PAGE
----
ABOVE: Neuchâtel's Château with the Collegiate Church behind.
Neuchatel tourist information
Tourisme Neuchâtelois, a.k.a. Neuchâtel Tourism, has an information office in the Hôtel des Postes, on the Place du Port by the lakefront. Its Web site is at www.neuchateltourisme.ch.
When you visit the tourist office, pick up a copy of Neuchâtel à pied - zu Fuss - on foot and the Pays de Neuchâtel Tourist Guide. If you plan to go farther afield, ask for the Watch Valley Panoramic Map, which includes a three-dimensional picture map, an overview of The Watchmaking Route, and suggested walks in the region with elevation and gradient charts. The tourist office can also sell you detailed hiking maps, cycling guides, and other materials.
Neuchâtel's Art & History Museum is worth a visit. Be sure to see the Jacquet-Droz Automatons collection, which consists of three robotic figures from the 18th Century. Also stop in at the free Galleries of History, where you can see models that show how Neuchâtel developed over the centuries.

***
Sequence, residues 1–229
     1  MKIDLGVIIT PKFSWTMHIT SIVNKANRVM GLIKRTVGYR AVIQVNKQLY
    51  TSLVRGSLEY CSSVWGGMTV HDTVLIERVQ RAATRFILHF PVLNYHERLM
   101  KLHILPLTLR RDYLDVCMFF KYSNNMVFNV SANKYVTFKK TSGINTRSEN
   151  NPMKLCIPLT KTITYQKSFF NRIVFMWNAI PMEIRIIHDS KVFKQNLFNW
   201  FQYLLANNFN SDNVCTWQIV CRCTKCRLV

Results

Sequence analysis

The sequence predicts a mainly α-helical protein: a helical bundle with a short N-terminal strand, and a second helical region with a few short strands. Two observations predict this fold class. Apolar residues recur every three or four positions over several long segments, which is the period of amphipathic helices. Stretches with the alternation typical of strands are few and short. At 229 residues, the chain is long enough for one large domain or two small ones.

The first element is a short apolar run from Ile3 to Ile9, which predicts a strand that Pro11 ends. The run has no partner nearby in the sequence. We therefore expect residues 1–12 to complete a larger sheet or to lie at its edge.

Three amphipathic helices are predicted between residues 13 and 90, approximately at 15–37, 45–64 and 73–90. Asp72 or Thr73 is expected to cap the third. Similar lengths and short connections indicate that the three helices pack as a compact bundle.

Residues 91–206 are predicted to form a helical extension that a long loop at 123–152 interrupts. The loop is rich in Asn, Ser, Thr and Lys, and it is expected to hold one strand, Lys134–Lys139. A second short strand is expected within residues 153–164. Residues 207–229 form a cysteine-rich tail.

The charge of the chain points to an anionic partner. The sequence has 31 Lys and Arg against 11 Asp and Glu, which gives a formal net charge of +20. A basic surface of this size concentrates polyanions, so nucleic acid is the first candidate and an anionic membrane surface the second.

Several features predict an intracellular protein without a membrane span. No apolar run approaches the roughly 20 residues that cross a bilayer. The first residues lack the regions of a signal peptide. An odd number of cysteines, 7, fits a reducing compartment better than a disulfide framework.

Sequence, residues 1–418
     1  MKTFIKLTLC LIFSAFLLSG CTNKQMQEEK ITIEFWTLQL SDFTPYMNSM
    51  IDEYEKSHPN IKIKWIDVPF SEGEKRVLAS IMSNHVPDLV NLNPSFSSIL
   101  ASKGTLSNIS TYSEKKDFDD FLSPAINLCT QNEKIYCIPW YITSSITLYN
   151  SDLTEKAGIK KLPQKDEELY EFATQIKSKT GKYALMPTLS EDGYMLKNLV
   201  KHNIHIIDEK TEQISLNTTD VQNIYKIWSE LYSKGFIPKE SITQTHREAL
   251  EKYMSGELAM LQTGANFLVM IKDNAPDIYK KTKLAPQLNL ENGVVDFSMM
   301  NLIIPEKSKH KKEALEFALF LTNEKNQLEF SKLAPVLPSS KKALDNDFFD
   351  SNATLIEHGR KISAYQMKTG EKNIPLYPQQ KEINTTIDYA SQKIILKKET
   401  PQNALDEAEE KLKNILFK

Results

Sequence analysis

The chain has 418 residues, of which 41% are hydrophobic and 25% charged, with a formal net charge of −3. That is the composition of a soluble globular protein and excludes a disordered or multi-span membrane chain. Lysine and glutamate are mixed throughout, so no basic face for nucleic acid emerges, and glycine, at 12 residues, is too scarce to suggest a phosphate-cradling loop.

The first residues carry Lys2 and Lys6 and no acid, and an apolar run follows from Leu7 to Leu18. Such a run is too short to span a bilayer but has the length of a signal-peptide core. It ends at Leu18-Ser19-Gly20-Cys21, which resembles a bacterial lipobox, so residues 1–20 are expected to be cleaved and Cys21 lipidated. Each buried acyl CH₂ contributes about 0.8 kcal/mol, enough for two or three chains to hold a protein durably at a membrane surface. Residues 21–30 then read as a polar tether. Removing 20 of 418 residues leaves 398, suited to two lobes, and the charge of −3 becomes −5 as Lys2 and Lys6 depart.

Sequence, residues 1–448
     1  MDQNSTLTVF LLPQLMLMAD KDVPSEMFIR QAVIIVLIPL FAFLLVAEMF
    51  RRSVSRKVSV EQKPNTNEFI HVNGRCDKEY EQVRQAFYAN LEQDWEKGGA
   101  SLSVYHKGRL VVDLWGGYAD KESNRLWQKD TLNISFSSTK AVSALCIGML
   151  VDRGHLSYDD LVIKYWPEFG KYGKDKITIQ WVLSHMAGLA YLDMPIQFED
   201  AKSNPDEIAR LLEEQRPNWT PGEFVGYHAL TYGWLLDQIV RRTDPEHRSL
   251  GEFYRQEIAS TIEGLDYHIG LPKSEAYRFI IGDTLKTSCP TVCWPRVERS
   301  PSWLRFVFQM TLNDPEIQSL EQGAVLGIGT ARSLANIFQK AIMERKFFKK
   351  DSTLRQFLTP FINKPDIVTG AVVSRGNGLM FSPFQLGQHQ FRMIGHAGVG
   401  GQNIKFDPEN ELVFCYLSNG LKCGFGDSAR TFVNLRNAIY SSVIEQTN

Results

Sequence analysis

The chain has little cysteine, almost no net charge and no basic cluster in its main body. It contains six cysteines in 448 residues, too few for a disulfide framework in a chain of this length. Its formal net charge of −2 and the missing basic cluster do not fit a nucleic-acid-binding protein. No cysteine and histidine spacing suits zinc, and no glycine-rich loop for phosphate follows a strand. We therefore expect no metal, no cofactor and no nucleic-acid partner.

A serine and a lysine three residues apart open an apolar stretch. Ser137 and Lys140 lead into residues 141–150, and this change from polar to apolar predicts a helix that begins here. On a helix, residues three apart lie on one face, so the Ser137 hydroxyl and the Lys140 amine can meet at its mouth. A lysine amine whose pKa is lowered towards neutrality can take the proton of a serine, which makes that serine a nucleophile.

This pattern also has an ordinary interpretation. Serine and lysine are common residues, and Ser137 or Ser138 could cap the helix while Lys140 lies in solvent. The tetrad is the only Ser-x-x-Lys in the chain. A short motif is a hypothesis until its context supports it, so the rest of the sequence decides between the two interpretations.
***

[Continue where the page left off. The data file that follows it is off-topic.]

If you're going to be in town for a few days, you can visit other attractions such as the Museum of Ethnography, the Dürrenmatt Center (for fans of the Swiss author and playwright), the Museum of Natural History, the Latenium Archaelogical Park and Museum, and the Botanical Garden.
The city of Neuchâtel is in the Swiss canton of the same name. It lies on the northern shore of Lac de Neuchâtel, which is the largest lake located entirely within the boundaries of Switzerland.
The easiest way to reach Neuchâtel is by rail. Trains are frequent, and times are short: as little as 39 minutes from Bern, 40 minutes from Lausanne, 1 hour 9 minutes from Geneva, 1 hour 28 minutes from Zürich, and only 37 minutes from the nearby watchmaking city of La Chaux-de-Fonds. Plan your trip with the online timetable of Swiss Federal Railways.
Next page: Hotels in Neuchâtel
Photo: Copyright © Tourisme Neuchâtel.
"Best of the Web"
Traveling by train?
Copyright © 1996-2014 Durant Imboden and Cheryl Imboden. All rights reserved.